Wanted and highly dangerous, bandit Tiburcio Vasquez used these inclined sandstone rocks in the Sierra Pelona to remain a free man in 1874. Star Trek, The Flintstones, MacGyver and The Big Bang Theory — to name a few — include the classic productions having featured the location.

Tilted Vasquez Rocks showing off shades of orange and pink under a cloudy sky
Discover Vasquez Rocks.

3. Red Rock Canyon State Park

76 miles (122 km) / 1 h 15 min

California’s Red Rock Canyon (don’t confuse it with Nevada’s) wows you with towering red cliffs reaching for the sky. Step out of the car to gaze at massive geological masterpieces in never-ending shapes, colors and textures.

Towering red rock formations in Red Rock Canyon State Park, California
Lift your gaze at Red Rock Canyon SP.

4. Trona Pinnacles

54 miles (87 km) / 1 h 15 min

Stop in the middle of nowhere to find a scene like no other. Survey over 500 peculiar tufa spires formed tens of thousands of years ago when their nowadays dry home, the Searles Lake Basin, was under 640 feet (195 m) of water.

Note: The final five miles (8 km) are on a dirt road that is usually 2-wheel-drive accessible but may be closed during winter or after heavy rainfall.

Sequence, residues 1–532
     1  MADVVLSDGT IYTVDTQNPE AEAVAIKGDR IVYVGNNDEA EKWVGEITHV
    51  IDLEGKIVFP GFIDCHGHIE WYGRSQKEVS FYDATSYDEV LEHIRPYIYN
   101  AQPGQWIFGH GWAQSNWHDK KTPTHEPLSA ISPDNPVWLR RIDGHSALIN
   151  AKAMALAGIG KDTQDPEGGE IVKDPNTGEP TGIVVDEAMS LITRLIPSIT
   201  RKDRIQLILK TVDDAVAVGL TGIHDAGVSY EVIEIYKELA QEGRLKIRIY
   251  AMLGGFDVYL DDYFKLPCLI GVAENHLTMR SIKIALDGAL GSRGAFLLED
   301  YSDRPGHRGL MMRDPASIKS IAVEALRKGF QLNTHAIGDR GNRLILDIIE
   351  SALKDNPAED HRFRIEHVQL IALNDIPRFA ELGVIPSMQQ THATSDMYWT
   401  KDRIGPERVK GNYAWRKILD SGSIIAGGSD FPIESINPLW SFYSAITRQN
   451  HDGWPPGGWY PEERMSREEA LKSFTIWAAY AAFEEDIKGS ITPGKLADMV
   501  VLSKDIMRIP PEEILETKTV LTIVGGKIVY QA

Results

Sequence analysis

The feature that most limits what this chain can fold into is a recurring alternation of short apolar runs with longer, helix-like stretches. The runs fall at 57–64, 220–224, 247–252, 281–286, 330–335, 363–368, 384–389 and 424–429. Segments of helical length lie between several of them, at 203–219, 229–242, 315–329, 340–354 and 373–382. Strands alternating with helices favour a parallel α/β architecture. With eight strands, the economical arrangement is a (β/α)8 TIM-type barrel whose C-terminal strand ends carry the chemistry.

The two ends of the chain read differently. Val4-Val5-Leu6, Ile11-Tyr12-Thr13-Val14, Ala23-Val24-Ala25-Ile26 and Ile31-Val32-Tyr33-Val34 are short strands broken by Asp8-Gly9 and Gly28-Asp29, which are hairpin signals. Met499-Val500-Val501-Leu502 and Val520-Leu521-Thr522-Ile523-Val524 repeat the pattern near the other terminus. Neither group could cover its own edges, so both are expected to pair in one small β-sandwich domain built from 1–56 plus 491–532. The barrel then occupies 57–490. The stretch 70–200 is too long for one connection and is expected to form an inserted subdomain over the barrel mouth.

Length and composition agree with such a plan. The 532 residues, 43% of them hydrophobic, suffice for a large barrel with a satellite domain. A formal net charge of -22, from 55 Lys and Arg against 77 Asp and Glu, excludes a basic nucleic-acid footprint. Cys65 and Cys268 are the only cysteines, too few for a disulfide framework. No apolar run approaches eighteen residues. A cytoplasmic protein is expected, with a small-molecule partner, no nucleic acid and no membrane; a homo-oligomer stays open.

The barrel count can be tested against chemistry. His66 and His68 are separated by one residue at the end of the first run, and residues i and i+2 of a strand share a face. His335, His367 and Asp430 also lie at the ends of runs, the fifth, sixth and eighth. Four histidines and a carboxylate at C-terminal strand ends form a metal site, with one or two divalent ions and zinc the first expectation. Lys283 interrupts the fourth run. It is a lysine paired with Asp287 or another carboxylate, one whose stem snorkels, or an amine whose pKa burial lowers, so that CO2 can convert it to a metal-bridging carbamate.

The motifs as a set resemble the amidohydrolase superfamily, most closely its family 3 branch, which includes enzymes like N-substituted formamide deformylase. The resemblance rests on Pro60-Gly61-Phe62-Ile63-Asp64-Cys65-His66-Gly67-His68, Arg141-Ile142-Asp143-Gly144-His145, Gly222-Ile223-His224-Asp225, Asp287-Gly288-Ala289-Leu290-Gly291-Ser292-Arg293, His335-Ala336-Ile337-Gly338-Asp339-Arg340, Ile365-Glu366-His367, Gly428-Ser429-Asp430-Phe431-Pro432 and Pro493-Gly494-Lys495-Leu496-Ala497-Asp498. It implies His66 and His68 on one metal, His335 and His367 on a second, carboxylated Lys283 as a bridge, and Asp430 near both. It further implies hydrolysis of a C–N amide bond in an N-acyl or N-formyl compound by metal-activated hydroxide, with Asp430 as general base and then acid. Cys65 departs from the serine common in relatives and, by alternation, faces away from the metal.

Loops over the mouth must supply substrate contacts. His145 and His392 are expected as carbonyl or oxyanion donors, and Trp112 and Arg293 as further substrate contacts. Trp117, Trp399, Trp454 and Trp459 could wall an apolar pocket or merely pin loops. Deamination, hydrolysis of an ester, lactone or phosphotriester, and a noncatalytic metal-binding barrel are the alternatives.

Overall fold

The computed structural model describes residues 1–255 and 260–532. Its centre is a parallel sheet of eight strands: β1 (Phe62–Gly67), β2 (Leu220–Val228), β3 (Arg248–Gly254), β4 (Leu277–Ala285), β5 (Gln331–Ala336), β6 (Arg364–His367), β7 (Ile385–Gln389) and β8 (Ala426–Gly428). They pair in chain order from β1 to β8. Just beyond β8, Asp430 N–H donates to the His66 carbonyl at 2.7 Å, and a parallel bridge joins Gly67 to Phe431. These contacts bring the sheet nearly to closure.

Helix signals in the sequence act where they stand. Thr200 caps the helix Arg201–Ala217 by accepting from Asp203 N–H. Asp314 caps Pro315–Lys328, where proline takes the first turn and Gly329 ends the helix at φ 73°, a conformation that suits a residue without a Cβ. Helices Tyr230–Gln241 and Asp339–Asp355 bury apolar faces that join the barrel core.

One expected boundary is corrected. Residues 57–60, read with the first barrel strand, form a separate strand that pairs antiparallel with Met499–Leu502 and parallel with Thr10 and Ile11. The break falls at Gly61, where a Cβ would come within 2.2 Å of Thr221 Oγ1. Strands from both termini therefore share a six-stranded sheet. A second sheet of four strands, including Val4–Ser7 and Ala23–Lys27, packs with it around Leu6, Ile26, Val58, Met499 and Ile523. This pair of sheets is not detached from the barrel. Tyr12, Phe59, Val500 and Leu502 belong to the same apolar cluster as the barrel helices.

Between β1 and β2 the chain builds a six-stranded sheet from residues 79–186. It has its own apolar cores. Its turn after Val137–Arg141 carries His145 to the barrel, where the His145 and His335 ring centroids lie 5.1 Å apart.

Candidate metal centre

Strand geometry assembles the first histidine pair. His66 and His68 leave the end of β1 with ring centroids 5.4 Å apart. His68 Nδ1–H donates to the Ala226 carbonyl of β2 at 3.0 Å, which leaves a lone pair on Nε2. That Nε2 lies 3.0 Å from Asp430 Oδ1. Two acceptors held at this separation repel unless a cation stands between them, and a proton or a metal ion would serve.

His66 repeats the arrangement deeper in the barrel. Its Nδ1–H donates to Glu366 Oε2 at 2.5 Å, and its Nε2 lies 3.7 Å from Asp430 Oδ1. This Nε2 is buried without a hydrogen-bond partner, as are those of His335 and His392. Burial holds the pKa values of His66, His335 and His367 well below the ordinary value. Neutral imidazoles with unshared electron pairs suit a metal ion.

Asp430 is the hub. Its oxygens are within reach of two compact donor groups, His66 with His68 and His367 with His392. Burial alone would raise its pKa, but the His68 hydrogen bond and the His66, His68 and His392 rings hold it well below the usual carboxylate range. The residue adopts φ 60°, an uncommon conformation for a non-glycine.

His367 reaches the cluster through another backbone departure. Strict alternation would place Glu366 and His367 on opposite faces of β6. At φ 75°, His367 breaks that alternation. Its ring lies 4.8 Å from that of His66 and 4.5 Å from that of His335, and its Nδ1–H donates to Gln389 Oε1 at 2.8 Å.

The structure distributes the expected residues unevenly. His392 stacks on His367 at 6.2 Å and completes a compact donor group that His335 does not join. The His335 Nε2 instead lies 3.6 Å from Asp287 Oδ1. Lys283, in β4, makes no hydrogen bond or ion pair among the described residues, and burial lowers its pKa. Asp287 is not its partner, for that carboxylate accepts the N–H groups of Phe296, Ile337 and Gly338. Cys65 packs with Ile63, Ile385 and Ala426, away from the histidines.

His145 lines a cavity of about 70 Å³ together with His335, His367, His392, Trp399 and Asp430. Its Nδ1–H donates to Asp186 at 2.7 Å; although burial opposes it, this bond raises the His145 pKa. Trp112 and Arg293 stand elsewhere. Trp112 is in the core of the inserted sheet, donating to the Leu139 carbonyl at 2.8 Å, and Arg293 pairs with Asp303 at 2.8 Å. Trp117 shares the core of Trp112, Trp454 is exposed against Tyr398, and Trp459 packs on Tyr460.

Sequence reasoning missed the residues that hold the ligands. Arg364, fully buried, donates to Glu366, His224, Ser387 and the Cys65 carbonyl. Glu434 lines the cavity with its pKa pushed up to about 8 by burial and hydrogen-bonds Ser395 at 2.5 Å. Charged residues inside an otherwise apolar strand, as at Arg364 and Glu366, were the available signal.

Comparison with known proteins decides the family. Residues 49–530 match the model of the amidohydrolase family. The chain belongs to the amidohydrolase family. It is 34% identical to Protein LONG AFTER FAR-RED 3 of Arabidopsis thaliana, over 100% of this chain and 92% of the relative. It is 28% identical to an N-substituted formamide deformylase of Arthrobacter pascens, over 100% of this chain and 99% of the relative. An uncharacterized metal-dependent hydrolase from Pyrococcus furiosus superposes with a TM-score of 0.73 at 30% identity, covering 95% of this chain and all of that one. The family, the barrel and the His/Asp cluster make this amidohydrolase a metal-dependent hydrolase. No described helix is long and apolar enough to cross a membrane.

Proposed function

Peculiar tufa spires protruding from the Searles Lake Basin against the backdropped of rising mountains
What planet is this?

5. Mosaic Canyon

88 miles (142 km) / 2 h

You made it. This is your first Death Valley stop!

Polished smooth by rainstorms, Mosaic Canyon has all that makes a great hike great. Feel the excitement as it narrows and opens and, if you feel adventurous, continue past the blocking boulders after 1.3 miles (2.1 km).

Narrow path through the silky-smooth Mosaic Canyon in Death Valley
Enter Death Valley’s Mosaic Canyon.

6. Mesquite Flat Sand Dunes

4 miles (6 km) / 15 min

Hiking, sandboarding and rolling are all ways to experience these 100-foot (30 m) Sahara-like dunes. If you have time, the 2-mile (3.2 km) return hike to the tallest dune is the one to try; because of its soft nature, allow 1.5 hours.

Hundreds of footprints in the sand of Mesquite Flat Sand Dunes, Death Valley
Feel sand under your feet in Death Valley.